There’s other point that has to be touched on: just because Myers swings and misses too much, will that prevent him from being a star? Only one well-regarded MLB outfielder had a strikeout to walk ratio in a season like Myers did last year: Reds outfielder Jay Bruce. In 2007 between High-A, Double-A, and Triple-A, Bruce struck out 147 times while drawing 35 walks. The comparison actually goes a little farther as Bruce and Myers have very similar body types, both being 6’3″ and Bruce weighing 215 while Myers weighs 205. Both have great power, a little speed, and play solid defense. In his MLB career, Bruce has been somewhat enigmatic but has still hit for great power, hitting 20 or more home runs in each of his five years in the major leagues and 30 or more in the last two. He has a .256/.329/.478 line (112 OPS+) overall, but a .262/.340/.493 line (120 OPS+) from 2010 to 2012. And so far in 2013, Bruce’s numbers look a little bit like Myers’ as he has managed a .258/.306/.403 line with 12 doubles, 3 homers, and 23 RBI, striking out an NL-leading 52 times while walking 11 times. Overall, Jay Bruce is not a star, instead being a very good player who has his limitations, not hitting for much average or geting on base at a great clip, and basically being defined as a streaky home run hitter. Bruce’s level of performance seems like the 50th percentile for Myers, the point where he wouldn’t be a bust but would not be a bust but wouldn’t be a star either. At the end of the day, though, if Wil Myers turns into Jay Bruce, the Rays will not be infuriated–they will still end up with a pretty good players on their hands.
Bruce isn’t the only star outfielder in baseball in baseball who strikes out a little too much without good plate discipline. You have Josh Hamilton, Curtis Granderson, Matt Kemp, Alex Gordon, Carlos Gonzalez, and even Adam Jones, and then there’s a class of players just below them like Torii Hunter, Hunter Pence, and Andre Ethier. Even if strikeouts will be a flaw for Myers moving forward, as long as it doesn’t affect his power and he still hits for a good average, he could very well become a star nevertheless. The player who might be the interesting comp for Myers, though, could be Jason Bay.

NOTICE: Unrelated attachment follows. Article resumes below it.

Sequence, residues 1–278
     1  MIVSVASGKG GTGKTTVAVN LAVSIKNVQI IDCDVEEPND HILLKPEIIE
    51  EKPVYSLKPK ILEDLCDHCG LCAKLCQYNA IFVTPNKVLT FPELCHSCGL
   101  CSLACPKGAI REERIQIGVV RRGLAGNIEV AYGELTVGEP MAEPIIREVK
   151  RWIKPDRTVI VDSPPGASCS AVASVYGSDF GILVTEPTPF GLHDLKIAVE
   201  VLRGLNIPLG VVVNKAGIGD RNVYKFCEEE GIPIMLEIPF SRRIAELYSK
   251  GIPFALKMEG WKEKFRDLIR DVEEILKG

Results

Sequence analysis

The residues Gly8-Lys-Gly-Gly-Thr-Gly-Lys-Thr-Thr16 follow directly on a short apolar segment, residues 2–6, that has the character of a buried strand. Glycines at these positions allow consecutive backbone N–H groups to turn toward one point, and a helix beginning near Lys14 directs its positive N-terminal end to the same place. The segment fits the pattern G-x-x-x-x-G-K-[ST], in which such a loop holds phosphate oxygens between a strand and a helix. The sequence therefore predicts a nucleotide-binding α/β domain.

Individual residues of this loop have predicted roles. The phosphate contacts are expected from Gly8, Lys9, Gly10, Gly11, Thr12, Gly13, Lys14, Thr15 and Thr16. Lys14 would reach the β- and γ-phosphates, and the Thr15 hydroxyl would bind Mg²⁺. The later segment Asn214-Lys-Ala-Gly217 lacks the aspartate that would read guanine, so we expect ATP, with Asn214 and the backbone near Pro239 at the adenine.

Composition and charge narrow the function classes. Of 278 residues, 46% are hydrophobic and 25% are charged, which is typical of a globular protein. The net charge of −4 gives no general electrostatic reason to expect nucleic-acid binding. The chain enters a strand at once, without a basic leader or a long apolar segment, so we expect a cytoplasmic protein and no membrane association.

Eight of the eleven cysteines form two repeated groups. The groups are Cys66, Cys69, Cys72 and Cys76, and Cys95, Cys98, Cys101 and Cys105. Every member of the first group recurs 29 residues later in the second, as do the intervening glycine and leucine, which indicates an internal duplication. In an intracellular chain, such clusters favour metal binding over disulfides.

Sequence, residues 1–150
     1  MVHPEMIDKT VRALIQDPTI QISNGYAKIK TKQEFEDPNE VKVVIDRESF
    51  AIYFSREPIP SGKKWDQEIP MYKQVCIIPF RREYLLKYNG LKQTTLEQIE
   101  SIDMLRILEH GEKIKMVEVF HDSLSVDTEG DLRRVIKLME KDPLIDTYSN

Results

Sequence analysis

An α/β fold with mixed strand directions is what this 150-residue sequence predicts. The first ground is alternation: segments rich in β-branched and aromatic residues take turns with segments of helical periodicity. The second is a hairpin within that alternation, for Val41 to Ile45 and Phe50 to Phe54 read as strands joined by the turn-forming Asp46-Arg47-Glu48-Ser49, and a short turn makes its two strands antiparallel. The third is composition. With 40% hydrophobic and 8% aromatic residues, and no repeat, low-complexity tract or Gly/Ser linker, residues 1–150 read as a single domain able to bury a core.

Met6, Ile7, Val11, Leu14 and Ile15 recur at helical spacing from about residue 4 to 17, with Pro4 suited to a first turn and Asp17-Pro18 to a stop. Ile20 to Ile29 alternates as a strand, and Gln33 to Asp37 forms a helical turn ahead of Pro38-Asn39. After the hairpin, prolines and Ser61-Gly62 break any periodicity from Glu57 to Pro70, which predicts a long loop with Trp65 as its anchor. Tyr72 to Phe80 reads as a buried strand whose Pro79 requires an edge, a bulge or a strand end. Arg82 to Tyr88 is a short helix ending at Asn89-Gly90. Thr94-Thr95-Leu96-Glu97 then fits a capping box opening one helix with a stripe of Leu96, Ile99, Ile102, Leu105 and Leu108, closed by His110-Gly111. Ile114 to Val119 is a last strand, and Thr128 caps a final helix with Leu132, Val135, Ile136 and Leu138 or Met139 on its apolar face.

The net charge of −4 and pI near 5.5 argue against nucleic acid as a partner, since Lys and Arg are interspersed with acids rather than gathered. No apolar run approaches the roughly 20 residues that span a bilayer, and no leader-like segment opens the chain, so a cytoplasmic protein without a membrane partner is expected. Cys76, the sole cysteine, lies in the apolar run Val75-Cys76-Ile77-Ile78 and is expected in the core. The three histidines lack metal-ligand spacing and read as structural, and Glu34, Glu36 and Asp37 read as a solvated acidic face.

Bay was another top prospect who was traded, heading from the Padres to the Pirates for Brian Giles, and Bay turned into the NL Rookie of the Year in 2004. That year, Bay managed a .282/.358/.550 line (132 OPS+) with 24 doubles, 26 homers, and 82 RBI, but his big flaw was that he struck out 129 times versus only 41 walks. In subsequent years, though, Bay’s plate discipline improved significantly as he walked 80 times four of the next five seasons, and Bay had himself an outstanding run as a major league player, managing a .280/.375/.519 line with an average of 31 doubles, 30 homers, 99 RBI, and 10 stolen bases per season from 2004 to 2009. If Myers became as good of a player as Bay used to be, the Rays would have no complaints at all. Bay’s example may be even important, though, because it shows how a player can begin his career without much plate discipline but develop it as he becomes more accustomed to the big league game. Maybe Myers could do the same.
Will Wil Myers become a star for the Rays in the coming years? There’s no way we can answer that question right now, but it’s certainly in the realm of possibility that he can. The easiest way for him to do that would be to cut down on the strikeouts significantly, but even if he improves only slightly he can still be an excellent player. Myers has more work to do in the minor leagues over the next few months as the Rays make sure that he’s entirely ready before bringing him to the major leagues. And strikeouts or not, there is every reason to believe that he will be worth the wait.